The little blue bike that could

While visiting my folks in Kirkwood, Missouri one weekend in late Fall of 1979, I impulsively bought myself a slightly used candy blue Honda CB550-4 for about $575. The thing was bone stock and absolutely mint, other than it had some bad aftermarket accessories bolted onto it—including crash bars with highway pegs (never liked either of ‘em on my bikes), an enormous plexiglass windshield (never cared much for those either), higher handlebars, and a high sissy bar with back pad.

The bike had about 4000 miles on it and had never been dropped. Its beautiful chrome factory four-into-one exhaust gleamed and it ran beautifully. These little Honda fours were fantastic bikes back in the day, and this one was no exception. It had a perfectly smooth power band, that light Honda clutch and precise gearbox, and it never failed to start and run properly no matter how cold it was outside. Being as it was my first four-cylinder four stroke powered motorcycle, I often imagined I was riding a small automobile engine on two wheels when I rode it.

Of course, the first thing I did as soon as I got it home to Carbondale, Illinois where I was pursuing my MBA degree at the time, was remove the crash bars and windshield (though in retrospect I should have kept it for winter riding!). I did leave the sissy bar on it, however, as I liked to take one of my female MBA classmates, Elly Tubbs, out for rides on the beautiful two lane roads all around us, as she seemed to feel safer not being able to slide off the back of the seat!

Sorry for the grainy photos- I rode it more than photographed it!

Of course being the late-blooming juvenile delinquent I was at the time (I was only 21 after all!), I liked to do burnouts with it. One time, not long after I got it, I pulled out onto Rural Route 3, also known as “Giant City Blacktop”, from Wildwood Mobile Home Park where I lived, and stopped in the middle of the road so I could see how the bike did burnouts (I was doing a lot of drag racing at that time on my Kawasaki 500 triple). Leaning forward with a quick rev of the motor and dumping of the clutch, all while holding the front disc brake (of course), it lit up the back tire. When I let off the brake the bike began accelerating through first gear and well into second when the back wheel started to come alongside of me!  What the heck was happening?  I backed off the throttle and the rear end was scary loose but the bike straightened up quickly and began to slow down when I quickly came to the realization that I had a completely flat back tire. Luckily, I kept it under control and the tire didn’t try to come off the rim before I got the bike stopped. When I got off to look and see what happened to my back tire, I found I had spun the tube and ripped off the valve stem. I must admit that I was kind of surprised that little Honda had enough horsepower to do that—but it did!  And fortunately I was only a short bit down the road from my trailer park, so I limped the bike home at walking speed.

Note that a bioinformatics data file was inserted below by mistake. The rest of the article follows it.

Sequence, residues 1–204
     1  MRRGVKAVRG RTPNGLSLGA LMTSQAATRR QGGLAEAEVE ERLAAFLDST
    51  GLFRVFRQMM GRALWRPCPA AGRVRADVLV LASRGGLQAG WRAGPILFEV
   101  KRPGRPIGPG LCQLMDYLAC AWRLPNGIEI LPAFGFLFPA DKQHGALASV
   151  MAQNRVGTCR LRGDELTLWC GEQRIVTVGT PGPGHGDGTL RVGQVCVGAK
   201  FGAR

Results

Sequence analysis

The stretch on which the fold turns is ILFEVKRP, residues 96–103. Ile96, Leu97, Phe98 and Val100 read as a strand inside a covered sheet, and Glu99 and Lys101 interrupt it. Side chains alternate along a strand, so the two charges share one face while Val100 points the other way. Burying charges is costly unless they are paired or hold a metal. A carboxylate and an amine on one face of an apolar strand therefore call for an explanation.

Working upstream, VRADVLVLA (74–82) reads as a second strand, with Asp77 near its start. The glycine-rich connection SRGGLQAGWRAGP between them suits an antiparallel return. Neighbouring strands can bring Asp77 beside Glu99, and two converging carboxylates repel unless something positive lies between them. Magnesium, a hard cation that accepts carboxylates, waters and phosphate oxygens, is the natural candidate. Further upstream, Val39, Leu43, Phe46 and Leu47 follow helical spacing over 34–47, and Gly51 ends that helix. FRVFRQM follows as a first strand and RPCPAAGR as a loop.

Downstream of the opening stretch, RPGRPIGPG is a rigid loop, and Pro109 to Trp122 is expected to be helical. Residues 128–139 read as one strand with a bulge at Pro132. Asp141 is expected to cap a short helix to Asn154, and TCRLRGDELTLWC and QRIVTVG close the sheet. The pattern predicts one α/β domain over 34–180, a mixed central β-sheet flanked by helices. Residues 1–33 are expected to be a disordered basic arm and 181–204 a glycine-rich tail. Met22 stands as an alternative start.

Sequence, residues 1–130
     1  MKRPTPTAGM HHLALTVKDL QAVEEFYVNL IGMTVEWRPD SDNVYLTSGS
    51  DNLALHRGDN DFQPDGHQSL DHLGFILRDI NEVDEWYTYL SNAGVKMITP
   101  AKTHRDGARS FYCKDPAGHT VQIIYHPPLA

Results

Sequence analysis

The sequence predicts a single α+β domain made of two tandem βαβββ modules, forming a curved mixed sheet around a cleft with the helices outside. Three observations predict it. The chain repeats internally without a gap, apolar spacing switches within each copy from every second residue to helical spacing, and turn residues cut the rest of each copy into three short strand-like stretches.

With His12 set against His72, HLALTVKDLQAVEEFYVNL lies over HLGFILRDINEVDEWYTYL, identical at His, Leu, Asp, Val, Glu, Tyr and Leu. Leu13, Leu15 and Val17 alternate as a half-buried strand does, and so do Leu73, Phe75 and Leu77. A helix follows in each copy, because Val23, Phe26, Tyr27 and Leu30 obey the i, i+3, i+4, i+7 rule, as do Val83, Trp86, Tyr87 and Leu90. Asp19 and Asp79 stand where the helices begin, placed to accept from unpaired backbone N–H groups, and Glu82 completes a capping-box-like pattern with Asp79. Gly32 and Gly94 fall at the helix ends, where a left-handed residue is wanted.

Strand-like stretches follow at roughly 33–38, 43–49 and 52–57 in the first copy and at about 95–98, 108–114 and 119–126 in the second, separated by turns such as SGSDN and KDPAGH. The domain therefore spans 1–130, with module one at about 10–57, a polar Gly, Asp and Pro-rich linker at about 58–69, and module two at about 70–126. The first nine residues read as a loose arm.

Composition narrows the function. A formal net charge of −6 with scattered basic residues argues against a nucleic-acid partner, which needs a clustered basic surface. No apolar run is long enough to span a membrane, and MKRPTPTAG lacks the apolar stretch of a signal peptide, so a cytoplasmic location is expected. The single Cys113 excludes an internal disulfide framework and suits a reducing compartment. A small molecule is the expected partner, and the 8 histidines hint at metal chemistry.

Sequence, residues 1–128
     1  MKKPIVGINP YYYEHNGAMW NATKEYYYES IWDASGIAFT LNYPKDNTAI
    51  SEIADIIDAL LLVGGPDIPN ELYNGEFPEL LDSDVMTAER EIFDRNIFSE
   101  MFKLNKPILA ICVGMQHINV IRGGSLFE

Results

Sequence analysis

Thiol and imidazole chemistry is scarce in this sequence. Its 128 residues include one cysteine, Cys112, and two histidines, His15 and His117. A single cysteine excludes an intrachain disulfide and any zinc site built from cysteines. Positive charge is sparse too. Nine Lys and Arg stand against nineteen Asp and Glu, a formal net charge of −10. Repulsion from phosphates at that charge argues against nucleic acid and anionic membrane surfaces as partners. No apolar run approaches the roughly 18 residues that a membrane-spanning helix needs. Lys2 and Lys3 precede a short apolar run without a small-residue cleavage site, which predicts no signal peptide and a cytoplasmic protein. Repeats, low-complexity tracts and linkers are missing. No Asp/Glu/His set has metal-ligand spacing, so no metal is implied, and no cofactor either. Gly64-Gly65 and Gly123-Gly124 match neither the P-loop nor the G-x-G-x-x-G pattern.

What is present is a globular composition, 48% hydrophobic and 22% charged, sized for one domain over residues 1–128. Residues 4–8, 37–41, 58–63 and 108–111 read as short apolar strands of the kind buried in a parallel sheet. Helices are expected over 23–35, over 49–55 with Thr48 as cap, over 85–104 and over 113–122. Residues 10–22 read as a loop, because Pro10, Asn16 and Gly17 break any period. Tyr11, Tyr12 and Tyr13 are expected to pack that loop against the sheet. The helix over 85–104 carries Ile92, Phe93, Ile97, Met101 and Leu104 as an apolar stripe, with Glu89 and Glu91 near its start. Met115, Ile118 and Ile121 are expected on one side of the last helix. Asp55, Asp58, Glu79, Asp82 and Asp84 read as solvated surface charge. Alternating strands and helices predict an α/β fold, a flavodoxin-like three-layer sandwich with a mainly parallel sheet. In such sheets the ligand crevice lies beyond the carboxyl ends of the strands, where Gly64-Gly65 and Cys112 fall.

Giant City Blacktop was an awesome two-lane road with a 55 mph speed limit on it (that was as high as they went back then, folks!). Our athletic director at Southern Illinois University at that time was none other than Gayle Sayers, and he lived out Giant City past the Wildwood Mobile Home Park. I would regularly run into him on the road either heading into town and campus or coming back home. And I made it a point to blow past him every time I found myself behind him driving his light blue late model Olds 98 Regency down that road—which was often.  On pretty days, he would be putting along at 55 with his window down and give me a small wave as I shot by on a downhill straightaway!

A grainy old Polaroid of the instrument cluster. Who else remembers these?

One of the best aspects of riding that bike year-round was the sympathy I got from my female MBA classmates in the winter. On particularly cold days, a couple of the girls would come all the way out to my trailer to get me and take me to campus, and then take me home at the end of the day. One of them even did that and then went to her house in the next town over, made dinner for us, and came back to get me to take me to her house and then back again—all in the same day!

When I finished my MBA in August of 1980, I packed up everything I owned, including that CB550, into my Crayola blue ‘72 Chevy van with a bed in the back, and went back home to Kirkwood. I didn’t have a job, although I got one within a week or so of graduating. I don’t remember how I got rid of that Honda, but a couple years later, when my then girlfriend (and future wife) finished up with her third degree at SIU, I traded that mobile home to my buddy for a nearly new Honda CBX and $1000, and that became my ride. Because I was living in an apartment at that time, I kept that one in the basement of my friend John Worrell’s house. He was a diehard Harley guy—always had Sportsters—but he did like riding my CBX every chance he had. But that’s a story for another day!



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